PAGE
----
How involved is BBC Worldwide with mobile efforts?
We’ve been actively involved with mobile for some time now and have content deals in place with a number of operators in the UK and overseas – people like O2 and 3 to name a couple. It’s definitely an area we see growing in the future but I think we all need to recognise that, in revenue terms, mobile video is still at a very early stage. There is undeniable potential however, with mobile internet specifically.
How does BBC Worldwide factor in revenue generation (monetisation) either for its partners or itself in these syndication deals?
Revenue generation is what we’re about. Our role is to generate profits that go back to the BBC, so if there’s no compelling commercial logic for a deal then it just won’t go ahead.
We’re flexible on how monetisation occurs – for example pay per view has been dominant on mobile for a while now, but in online environments ad-funded viewing tends to work better for short form content. It’s all about what gives the best consumer experience and, in the end, the best returns.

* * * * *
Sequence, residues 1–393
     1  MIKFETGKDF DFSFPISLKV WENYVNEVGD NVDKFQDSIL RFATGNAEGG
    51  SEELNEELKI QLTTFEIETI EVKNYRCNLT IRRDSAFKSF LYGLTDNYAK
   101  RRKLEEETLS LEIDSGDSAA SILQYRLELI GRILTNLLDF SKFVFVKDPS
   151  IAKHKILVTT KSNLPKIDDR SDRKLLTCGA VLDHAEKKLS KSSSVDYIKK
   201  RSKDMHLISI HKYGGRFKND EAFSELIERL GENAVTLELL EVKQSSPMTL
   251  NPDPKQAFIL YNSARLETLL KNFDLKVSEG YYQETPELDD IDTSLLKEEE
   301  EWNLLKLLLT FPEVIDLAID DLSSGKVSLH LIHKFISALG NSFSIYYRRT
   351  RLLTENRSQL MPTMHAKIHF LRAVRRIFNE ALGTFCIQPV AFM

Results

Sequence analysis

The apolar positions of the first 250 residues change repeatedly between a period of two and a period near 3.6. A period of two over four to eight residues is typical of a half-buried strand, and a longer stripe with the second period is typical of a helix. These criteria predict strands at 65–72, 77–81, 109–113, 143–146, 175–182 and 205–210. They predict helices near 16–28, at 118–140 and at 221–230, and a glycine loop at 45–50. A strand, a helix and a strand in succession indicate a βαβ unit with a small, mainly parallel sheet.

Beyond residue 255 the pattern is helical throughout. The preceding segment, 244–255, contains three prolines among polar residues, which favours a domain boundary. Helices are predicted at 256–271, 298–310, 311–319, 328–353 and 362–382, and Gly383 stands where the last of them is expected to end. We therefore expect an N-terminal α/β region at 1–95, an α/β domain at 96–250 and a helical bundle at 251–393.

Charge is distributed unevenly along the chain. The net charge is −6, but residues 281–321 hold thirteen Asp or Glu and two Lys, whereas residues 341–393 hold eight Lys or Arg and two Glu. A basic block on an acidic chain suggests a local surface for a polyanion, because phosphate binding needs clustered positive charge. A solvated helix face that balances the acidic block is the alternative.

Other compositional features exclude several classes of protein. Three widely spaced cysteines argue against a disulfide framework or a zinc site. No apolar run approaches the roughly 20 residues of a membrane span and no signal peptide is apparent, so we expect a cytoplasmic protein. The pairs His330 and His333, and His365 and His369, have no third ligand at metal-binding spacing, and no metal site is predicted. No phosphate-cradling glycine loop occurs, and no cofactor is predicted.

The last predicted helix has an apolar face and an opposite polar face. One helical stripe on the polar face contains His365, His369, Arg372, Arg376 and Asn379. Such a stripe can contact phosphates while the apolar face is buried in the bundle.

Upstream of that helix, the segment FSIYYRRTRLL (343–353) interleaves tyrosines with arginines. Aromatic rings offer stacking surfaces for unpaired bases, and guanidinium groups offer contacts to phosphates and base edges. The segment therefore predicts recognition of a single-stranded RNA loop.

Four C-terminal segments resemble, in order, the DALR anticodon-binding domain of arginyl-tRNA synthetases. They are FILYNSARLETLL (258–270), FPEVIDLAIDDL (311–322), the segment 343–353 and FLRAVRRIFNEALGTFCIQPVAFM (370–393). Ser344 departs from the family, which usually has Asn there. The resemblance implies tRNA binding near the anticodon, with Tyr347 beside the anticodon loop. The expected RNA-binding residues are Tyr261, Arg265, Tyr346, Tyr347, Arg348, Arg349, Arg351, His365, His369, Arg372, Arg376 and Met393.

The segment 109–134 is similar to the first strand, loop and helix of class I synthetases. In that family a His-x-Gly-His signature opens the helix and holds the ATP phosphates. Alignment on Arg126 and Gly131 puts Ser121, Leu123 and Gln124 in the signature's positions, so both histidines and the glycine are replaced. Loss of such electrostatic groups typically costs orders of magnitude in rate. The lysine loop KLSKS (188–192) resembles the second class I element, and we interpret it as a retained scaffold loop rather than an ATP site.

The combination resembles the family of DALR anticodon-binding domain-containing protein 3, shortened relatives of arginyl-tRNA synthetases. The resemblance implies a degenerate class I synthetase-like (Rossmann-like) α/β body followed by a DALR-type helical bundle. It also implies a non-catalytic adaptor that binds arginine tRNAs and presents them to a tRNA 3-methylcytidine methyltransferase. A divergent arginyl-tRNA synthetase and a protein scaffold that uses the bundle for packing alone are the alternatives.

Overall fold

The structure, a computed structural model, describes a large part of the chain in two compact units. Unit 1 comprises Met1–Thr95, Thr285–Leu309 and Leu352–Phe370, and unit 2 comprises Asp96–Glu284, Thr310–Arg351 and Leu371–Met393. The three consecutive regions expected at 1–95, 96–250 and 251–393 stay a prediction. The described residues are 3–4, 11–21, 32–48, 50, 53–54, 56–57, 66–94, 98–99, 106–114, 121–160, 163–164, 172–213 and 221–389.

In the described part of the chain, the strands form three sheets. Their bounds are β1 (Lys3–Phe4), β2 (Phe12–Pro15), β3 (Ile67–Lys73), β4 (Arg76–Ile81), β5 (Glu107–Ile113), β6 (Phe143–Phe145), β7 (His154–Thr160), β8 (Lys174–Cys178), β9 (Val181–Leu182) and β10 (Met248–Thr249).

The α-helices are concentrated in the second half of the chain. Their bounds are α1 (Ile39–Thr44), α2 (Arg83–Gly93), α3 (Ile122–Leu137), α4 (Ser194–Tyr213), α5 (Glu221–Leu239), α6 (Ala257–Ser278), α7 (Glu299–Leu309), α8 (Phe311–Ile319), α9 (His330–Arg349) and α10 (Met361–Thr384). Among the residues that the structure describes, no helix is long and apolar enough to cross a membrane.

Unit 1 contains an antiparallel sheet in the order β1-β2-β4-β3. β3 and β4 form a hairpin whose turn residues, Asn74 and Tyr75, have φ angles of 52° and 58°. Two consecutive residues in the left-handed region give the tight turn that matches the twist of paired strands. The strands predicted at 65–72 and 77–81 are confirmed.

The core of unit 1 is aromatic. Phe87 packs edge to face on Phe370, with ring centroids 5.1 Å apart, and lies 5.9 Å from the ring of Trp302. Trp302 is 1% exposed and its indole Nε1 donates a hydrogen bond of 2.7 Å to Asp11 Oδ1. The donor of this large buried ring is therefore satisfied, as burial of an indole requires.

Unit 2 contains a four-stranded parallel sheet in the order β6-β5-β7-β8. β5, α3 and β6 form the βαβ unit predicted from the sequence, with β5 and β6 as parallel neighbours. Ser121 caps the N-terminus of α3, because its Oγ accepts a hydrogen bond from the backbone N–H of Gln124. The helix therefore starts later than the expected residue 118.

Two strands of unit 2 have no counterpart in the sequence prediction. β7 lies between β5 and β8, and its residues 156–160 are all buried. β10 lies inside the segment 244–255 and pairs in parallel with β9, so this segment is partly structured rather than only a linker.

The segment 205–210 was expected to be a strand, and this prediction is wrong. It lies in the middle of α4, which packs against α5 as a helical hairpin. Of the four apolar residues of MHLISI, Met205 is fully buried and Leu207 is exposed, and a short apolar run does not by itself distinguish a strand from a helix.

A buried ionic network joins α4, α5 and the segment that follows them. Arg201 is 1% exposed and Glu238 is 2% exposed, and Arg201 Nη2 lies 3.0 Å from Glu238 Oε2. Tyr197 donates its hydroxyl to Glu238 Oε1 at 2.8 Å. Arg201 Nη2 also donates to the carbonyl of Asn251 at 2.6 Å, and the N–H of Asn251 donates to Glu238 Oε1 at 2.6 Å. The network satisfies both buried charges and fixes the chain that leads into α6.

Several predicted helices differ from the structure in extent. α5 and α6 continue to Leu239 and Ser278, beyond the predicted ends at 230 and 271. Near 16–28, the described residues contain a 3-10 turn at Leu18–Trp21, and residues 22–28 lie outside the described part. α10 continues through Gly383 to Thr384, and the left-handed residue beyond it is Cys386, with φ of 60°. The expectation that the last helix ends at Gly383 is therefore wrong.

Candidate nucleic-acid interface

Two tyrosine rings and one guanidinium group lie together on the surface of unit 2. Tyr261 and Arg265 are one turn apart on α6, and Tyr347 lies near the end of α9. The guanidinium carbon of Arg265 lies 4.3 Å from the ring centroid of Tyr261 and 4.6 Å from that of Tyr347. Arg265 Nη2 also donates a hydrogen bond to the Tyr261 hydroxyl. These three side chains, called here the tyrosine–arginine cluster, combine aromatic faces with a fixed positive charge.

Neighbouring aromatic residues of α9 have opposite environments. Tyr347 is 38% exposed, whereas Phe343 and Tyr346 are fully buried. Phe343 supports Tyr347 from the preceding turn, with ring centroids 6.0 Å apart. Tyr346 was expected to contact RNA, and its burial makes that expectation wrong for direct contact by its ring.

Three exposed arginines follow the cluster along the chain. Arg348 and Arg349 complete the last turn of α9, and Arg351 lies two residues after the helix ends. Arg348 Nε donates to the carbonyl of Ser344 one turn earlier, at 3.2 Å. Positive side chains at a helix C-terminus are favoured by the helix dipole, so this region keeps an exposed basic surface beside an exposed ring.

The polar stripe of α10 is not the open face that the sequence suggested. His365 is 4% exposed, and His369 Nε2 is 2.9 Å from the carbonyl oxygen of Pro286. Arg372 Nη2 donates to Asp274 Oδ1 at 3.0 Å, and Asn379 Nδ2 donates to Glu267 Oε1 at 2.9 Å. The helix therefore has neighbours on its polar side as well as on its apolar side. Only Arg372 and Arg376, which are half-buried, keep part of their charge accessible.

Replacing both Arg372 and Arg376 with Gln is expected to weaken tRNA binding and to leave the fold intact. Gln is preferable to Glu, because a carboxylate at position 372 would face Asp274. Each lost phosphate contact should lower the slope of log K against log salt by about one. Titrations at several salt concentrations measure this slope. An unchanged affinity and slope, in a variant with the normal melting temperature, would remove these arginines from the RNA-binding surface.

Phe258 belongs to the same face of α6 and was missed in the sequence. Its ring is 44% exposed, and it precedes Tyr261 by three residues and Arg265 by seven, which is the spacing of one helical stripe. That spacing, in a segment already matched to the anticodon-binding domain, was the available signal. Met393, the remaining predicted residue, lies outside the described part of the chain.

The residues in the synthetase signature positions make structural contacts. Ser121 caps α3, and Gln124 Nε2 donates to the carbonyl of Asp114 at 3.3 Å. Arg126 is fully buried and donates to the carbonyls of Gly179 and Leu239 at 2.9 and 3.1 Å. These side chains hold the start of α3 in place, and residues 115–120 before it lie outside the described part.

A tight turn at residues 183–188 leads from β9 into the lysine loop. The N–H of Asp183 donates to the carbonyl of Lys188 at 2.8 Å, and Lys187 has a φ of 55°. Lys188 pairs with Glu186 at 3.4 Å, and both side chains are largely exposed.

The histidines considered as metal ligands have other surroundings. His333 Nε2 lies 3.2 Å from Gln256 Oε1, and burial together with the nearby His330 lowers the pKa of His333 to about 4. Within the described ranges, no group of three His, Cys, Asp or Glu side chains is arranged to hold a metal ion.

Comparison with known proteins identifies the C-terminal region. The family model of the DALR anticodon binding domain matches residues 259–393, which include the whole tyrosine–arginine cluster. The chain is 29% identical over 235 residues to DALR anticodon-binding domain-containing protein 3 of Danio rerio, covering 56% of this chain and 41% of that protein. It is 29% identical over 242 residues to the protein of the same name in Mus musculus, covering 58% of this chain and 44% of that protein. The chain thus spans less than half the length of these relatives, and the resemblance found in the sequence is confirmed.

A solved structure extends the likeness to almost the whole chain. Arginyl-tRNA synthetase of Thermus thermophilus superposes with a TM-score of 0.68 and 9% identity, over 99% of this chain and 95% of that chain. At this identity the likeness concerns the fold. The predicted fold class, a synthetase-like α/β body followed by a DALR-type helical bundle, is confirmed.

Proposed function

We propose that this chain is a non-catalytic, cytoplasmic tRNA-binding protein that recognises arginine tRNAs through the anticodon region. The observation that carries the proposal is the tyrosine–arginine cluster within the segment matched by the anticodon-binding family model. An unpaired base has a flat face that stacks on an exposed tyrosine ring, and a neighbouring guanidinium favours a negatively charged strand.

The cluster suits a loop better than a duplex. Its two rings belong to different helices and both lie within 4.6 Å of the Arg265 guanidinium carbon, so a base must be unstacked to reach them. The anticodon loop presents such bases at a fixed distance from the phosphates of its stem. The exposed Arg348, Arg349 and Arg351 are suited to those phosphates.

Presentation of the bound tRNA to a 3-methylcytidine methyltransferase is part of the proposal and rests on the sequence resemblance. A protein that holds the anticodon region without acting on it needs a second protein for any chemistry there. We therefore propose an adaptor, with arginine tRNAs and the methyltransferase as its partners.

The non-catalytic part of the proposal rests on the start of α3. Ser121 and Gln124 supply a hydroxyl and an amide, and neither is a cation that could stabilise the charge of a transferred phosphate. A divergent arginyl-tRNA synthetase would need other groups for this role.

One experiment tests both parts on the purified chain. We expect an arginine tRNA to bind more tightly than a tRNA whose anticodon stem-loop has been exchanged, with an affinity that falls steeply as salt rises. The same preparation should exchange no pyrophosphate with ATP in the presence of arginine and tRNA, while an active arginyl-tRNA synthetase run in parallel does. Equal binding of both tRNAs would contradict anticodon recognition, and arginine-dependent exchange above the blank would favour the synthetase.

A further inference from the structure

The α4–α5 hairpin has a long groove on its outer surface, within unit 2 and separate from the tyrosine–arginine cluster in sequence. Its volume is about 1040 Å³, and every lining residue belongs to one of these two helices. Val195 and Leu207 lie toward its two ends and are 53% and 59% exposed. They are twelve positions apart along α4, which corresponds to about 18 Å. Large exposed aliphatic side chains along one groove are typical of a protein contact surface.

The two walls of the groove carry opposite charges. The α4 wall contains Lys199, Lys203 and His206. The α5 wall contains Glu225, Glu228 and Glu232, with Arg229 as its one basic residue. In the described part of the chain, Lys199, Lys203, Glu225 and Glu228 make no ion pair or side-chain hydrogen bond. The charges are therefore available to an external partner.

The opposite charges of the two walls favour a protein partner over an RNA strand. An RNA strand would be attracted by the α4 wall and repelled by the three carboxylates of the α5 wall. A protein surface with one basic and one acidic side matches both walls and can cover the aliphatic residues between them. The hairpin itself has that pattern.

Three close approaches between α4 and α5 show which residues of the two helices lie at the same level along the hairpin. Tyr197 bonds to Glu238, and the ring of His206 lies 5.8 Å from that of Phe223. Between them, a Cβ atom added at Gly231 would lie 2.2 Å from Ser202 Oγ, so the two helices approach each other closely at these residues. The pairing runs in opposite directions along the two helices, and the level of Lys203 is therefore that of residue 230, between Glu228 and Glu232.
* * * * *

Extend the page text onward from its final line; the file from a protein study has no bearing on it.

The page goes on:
What does BBC Worldwide see as the future of monetising (or building a sustainable future for) online or mobile video?
In the longer term media outlets seem to tend towards an ad-funded model, with profitable pockets of pay customers, as we’ve all seen from the satellite television world. However, at the moment we’re in a hybrid content economy with a general mix oscillating between pay per view and free to air ad funded content. For the foreseeable future I would expect that mix to stay in place.
How do the BBC iPlayer and Kangaroo fit together?
iPlayer is the BBC’s seven day, free, on-demand catch up service whilst Kangaroo is a joint venture between BBC Worldwide, ITV and Channel 4 to offer tens of thousands of hours of paid for or ad-funded programme content. Whereas iPlayer is about displaying content within the public service ‘window’ – i.e. today seven days after broadcast – Kangaroo is about making huge swathes of great content available on demand, including BBC archive material.
The two platforms are different but are definitely complementary. Ashley Highfield, the new CEO of Kangaroo, summed it up well when he was at the BBC – if iPlayer is like BBC1 through BBC4, then Kangaroo is like the UKTV channels, part of BBC Worldwide’s joint venture with Virgin Media